Get ready to be enchanted by Bruges. Leaving the big-city bustle of Brussels behind, you’re about to be immersed in a fairy tale of haunting churches and silhouette spires, of cobbled lanes and drifting canals. It’s considered to be one of the best-preserved medieval centres in all of Europe, with a good dollop of Belgian frite stalls and rollicking Irish pubs (remember the film In Bruges?) on the side.
Thankfully, you’ve got some convenient modes of transport at your fingertips to help you cross the 55 miles that separates the two towns. This guide has everything you need to know about getting them booked…
|Brussels to Bruges by train||1 h||$15.5||Book Online|
|Brussels to Bruges by bus||1.5 h||$7.5||Book Online|
|Brussels to Bruges by taxi||1.5 h||$160||Book Online|
|Brussels to Bruges by organised tour||8 h||$50||Book Online|
|Brussels to Bruges by car||1.5 h||$50||–|
Brussels to Bruges by train
Time – <1 hour
Price – $15.50
Comfort – 4/5
The train is far and away the most popular mode of transport for getting from Brussels to Bruges. Run by SNCB on relatively fast and reliable InterCity lines, they can whisk you from the platforms of Brussels Midi to Station Brugge in just under one hour. You’re looking for the regular half-hourly or hourly service to Oostende, which stops in Ghent along the way. (Don’t be tempted to take the less-regular departure that goes through the city of Roesalere – it’s more than twice as slow!).
Because this is such a popular commuter and backpacker route to take through Belgium, you’re sure to find plenty of departures every day. They’ll start early – like, seriously early (before 1am, even!). They’ll finish late – you’ll be able to do the trip after 11pm at night if you want. During peak hours in the morning and afternoon, the carriages could get busy, but there should also be extra services laid on to cope with the rush.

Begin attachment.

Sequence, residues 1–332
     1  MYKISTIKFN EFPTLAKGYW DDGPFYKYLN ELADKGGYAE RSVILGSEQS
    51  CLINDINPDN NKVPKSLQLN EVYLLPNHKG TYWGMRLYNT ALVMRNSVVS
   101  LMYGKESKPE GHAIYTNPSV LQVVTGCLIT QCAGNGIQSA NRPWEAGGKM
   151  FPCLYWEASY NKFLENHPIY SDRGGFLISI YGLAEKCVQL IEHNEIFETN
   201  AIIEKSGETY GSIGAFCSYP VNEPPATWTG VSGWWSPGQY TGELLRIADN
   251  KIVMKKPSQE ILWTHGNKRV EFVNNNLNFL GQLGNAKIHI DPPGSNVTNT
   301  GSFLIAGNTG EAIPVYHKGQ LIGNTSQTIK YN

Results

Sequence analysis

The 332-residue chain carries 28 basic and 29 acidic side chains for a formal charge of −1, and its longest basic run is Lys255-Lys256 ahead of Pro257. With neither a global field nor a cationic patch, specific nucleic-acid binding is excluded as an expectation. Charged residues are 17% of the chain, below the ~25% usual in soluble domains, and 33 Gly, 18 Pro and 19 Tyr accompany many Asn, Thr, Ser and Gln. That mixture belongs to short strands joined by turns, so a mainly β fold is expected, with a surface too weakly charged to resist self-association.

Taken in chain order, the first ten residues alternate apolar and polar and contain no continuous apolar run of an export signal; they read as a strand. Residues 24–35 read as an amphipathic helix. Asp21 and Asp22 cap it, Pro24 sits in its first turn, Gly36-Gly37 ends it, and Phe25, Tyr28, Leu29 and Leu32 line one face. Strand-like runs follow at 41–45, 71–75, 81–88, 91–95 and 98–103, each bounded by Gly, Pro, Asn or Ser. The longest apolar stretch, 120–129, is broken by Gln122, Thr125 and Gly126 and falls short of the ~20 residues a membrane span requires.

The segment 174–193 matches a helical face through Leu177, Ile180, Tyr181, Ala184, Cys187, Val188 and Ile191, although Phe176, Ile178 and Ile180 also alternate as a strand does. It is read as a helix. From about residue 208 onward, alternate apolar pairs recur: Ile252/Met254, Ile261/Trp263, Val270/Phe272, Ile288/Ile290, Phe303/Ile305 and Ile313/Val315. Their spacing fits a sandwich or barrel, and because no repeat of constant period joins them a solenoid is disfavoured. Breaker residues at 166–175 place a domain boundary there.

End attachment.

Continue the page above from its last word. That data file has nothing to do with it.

Lots of travelers opt to ride the railway north-west through Belgium to get to Bruges, taking just under an hour on the trip.
Surprisingly, booking in advance offers no advantage in terms of price. You’ll always pay the local standard fare of 14.40 EUR ($15.50) for the ride, no matter if you’ve had your ticket stowed away for months or if you bought it at the station. That said, using 12Go.co to buy online before you even get to Brussels can help you dodge potentially long queues at the kiosks. Also be aware that travelers planning to head Bruges way fresh off the Eurostar can score Any Belgian Station tickets, which include the cost of their onward journey from Brussels.
Expect some pleasant, if undramatic, scenery. The route forks north-west through the Low Countries towards the ports of the North Sea. As it goes, there are tracts of farm fields peppered with forests and copses, along with quaint Belgian villages and windmills. Also keep an eye out for the pretty redbrick turrets that loom overhead when you pull into Ghent station.